Tuesday, July 21, 2009
We finally did the touristy thing and went for a drive on the Banda-Worli Sealink this weekend. The bridge has been a part of my life for so many years - from evaluating financial models in the bidding stage, to living in a house that overlooked the bay where the link was to come up, to seeing the reclaimation activity at the Reclamation - it was almost like coming home.
The drive did not disappoint. Though there was sufficient traffic to deter the speeds that many people boast about, it was still a smooth ride. And with the windows down, and the high tide beneath, it was an experience of the kind the city offers very little of.
But the moment we hit Worli Seaface, the traffic-planner in me kicked in. Even a child could have said the alignment just would not work. The only purpose served by blocking off all possible U-turns is to ensure that cars stay on the road for five times the distance they intented to. Would not a simple clover-leaf junction have taken care of most of the congestion without compromising on aesthetics?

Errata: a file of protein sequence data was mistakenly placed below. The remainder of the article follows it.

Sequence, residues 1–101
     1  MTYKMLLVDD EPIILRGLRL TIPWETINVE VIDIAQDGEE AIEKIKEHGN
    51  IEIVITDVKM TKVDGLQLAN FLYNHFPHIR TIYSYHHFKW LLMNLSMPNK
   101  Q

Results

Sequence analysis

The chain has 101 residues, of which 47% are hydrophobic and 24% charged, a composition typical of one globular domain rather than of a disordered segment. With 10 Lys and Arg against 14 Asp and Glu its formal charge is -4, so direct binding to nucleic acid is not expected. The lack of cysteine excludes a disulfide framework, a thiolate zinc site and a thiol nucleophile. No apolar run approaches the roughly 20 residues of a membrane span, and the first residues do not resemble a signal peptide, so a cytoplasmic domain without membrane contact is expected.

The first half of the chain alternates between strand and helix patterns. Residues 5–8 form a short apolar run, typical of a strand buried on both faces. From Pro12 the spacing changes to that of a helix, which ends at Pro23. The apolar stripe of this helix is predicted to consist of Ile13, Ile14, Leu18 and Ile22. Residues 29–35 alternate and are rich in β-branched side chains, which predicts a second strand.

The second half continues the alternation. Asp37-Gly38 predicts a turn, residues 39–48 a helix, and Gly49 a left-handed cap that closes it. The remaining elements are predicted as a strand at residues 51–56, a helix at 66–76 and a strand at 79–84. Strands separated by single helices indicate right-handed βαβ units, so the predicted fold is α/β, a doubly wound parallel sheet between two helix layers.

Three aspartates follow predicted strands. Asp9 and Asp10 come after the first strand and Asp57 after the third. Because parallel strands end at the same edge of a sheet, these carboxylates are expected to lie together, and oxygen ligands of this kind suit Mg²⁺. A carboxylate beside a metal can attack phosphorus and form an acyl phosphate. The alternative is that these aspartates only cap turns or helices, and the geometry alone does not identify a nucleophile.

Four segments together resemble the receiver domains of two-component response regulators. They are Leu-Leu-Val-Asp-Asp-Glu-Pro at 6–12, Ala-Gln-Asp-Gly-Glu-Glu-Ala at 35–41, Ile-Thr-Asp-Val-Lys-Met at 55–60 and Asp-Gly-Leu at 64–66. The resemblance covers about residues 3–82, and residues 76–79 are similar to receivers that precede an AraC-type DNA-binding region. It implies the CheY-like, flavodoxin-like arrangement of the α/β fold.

The more I think about it, the more convinced I am that the reason the bridge has the beautiful harp shaped structure only at the Bandra end, is because the planners intended that it be balanced by a similar structure reaching up to Nariman Point. Without that bridge, all that the Bandra-Worli Sealink would do is to shift the bottleneck from Mahim Causeway to Annie Besant Road. And I am sure, nobody wants that.